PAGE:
TPP Basics: Liberalisation of Services (Workshop by Sanya Reid Smith)

The gist of the TPPA content on services is that all service sectors should be liberalised for foreign investment, unless member countries specify exceptions. The TPPA full text shows that Malaysia did not get as many exceptions as other countries. The services and investment chapter is binding across all levels of government (federal, state and local), and restricts the governments’ ability to put in laws and regulations for services.

This series is brought to you by based on a recent NGO briefing on the Trans-Pacific Partnership (TPP) in Malaysia by Ms Sanya Reid Smith, an expert on Trade and Investment Rules. She has been monitoring the Trans-Pacific Partnership Agreement (TPPA) since 2011, and is also the resource expert for Bantah TPPA Malaysia. The entire talk is uploaded on YouTube in a seven part series and can be accessed here; this article is drawn mainly from Part 1 of the talk. The index of the series is attached at the end of the article.

Video starts at 12:07

Services and the TPP

I don’t know how many of you are worried about Lynas, about fracking, this kind of dodgy activities? This is where the services and investment chapters are relevant. You can think of services as anything you cannot drop on your foot. From professional services like lawyers, doctors, dentists, to electricity, phones, banking, insurance, to mamak stalls, petrol stations, hypermarkets… these are all services.

The general rule of the TPP is you must liberalise. Liberalise doesn’t mean removing tariffs for services. It means you open to foreign investors. It means you open to investors from other TPP countries in all the sectors, unless you have an exception. So if you don’t want fracking, you have to put fracking as an exception. If you don’t want casinos, you have to put casinos as an exception. If you don’t want vaping shops, you need to put it down as an exception.

Binding at all levels of government

But the thing about the services and investment chapter is that it is strictly binding on all levels of government. Federal government, state (negeri) government, and the local (tempatan) government. So Petaling Jaya wants to ban ah long- ah long. Or casinos. They have to have an exception. Now the local governments got an automatic exception for what they do today anyway, but not for future things they want to do that are bad for the investor.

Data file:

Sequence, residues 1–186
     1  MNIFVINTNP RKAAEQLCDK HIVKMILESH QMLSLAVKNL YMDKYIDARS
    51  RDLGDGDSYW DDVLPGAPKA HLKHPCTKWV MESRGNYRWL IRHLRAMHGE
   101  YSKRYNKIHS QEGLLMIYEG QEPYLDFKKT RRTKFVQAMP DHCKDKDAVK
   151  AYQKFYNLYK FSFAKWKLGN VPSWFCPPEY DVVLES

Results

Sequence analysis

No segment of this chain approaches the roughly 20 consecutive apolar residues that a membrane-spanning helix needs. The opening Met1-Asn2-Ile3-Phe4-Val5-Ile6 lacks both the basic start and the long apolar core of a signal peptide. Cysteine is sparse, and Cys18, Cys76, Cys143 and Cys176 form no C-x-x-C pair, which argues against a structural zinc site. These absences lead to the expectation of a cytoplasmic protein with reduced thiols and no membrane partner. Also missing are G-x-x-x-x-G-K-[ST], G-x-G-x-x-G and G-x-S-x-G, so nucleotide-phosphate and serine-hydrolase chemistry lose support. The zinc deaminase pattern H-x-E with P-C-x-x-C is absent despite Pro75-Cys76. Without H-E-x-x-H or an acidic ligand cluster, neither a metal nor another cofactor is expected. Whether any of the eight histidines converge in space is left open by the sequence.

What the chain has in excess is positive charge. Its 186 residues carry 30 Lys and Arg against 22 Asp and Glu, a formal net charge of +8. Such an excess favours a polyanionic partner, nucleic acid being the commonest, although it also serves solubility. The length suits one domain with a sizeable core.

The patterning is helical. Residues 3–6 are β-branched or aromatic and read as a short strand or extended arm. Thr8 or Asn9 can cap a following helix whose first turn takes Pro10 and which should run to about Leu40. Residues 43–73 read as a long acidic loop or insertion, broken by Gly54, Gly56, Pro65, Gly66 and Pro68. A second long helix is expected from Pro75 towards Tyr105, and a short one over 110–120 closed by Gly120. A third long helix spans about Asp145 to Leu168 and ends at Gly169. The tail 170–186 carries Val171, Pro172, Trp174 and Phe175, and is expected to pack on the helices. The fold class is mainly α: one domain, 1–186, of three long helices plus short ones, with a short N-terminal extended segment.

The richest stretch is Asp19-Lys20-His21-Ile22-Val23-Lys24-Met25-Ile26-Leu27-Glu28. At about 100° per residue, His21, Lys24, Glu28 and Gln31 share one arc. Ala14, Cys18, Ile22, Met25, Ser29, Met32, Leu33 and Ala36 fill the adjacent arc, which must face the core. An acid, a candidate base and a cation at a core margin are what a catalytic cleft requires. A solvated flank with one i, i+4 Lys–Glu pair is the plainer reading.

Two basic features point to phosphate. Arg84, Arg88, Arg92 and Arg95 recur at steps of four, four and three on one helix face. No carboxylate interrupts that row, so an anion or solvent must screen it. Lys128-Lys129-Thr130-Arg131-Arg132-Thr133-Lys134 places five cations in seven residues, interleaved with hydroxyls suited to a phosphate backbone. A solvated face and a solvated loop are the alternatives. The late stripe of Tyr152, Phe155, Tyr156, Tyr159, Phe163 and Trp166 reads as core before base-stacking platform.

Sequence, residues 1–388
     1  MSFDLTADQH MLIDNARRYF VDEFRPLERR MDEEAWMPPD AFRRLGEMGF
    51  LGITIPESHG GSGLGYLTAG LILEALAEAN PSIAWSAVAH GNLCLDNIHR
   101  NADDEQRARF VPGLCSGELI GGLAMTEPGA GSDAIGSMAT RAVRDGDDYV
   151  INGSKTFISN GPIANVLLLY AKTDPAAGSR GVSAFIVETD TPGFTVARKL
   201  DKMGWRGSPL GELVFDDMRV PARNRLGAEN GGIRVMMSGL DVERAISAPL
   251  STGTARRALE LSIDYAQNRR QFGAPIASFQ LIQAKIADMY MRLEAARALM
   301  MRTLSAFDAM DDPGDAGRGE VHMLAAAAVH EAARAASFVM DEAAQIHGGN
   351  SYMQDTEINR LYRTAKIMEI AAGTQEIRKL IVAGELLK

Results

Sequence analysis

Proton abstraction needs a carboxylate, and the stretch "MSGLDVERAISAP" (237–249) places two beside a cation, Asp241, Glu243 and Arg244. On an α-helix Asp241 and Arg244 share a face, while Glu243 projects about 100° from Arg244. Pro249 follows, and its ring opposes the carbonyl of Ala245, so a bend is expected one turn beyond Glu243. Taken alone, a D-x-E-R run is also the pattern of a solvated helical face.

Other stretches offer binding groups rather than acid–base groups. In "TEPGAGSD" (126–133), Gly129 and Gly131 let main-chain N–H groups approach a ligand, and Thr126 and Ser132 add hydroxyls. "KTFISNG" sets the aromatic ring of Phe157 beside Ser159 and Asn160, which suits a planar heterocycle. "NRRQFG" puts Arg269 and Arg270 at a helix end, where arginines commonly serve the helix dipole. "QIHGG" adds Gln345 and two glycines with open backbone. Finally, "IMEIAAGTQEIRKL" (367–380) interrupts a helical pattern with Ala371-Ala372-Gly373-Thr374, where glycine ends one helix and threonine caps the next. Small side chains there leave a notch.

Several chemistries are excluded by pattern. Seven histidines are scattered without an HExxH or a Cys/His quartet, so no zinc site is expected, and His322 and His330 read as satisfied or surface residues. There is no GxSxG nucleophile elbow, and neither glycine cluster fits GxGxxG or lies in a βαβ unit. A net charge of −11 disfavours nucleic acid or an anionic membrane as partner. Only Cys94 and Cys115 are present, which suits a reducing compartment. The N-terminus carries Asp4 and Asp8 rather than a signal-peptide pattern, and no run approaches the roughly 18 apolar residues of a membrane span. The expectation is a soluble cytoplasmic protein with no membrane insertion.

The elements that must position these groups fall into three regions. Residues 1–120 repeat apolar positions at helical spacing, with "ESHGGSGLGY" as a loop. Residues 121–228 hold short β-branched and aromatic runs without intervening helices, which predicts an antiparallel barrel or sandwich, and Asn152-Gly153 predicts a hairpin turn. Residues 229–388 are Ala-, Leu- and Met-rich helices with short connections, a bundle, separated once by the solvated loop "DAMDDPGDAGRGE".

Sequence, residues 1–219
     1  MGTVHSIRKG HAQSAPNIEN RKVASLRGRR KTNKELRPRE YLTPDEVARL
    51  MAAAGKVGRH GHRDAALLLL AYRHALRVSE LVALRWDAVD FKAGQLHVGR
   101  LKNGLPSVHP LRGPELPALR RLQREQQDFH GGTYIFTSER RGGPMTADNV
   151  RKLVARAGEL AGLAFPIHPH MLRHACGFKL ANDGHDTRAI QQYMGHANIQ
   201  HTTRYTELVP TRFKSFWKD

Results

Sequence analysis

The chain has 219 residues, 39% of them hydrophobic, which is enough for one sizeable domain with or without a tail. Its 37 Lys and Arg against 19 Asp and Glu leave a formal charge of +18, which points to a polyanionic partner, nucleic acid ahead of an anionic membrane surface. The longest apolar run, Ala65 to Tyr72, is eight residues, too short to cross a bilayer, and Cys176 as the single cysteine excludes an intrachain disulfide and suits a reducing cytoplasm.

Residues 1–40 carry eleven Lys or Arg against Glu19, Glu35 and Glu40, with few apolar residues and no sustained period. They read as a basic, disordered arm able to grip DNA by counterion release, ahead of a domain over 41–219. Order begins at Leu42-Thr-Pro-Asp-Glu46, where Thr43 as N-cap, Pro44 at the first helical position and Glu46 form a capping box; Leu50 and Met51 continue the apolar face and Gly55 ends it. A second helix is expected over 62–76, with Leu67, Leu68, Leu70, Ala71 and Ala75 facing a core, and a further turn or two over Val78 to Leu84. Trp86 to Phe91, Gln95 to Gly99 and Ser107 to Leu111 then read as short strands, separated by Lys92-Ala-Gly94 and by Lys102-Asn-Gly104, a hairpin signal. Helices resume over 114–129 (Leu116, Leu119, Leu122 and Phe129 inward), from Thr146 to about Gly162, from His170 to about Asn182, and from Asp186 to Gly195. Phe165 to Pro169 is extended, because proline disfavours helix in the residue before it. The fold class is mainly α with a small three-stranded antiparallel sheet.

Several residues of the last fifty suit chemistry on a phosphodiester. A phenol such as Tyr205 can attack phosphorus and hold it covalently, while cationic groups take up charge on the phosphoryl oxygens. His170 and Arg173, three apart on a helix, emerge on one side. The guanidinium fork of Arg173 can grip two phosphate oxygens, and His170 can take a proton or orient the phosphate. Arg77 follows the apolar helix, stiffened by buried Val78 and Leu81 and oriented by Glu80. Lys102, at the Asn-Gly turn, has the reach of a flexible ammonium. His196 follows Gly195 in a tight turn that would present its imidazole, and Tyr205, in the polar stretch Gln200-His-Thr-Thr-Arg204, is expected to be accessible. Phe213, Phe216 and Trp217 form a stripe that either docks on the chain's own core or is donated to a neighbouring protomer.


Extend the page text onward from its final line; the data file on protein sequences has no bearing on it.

The federal and state governments have to list down their exceptions. If they didn’t list, too bad. You have to allow as much of that activity as they want. Toxic waste dumps, nuclear power plants, whatever, unless you got an exception.

Malaysia did not get many exceptions

And those exceptions are not just everything Malaysia wants. They had to negotiate. All the other 11 TPP country governments have to agree, eg the US has to agree to allow you to ban casinos or nuclear power plants.

So you can see on the text of the TPP, from the website, the 6000 pages – you can see where Malaysia got exceptions. And Malaysia didn’t seem to get as many exceptions as the other countries. So you need to look to see if your area of concern has an exception or not.

Not possible to increase license fees to deter certain services

That’s the general rule about services. And if you think, alamak, I’ve opened the vaping shops and I want to ban them – and since I can’t ban them, let me charge them a licensing fee of a million dollars a year, so that they don’t want to come. That is also illegal. They found that loophole and they closed it. You can’t charge them a high licensing fee to discourage them.

Index of the Series

This series contains 20 articles on the TPP, and can be read in any order:

Transcriptions are kept chiefly ad verbatim, with some minor edits for readability. The text has also been checked by Ms Smith for accuracy.

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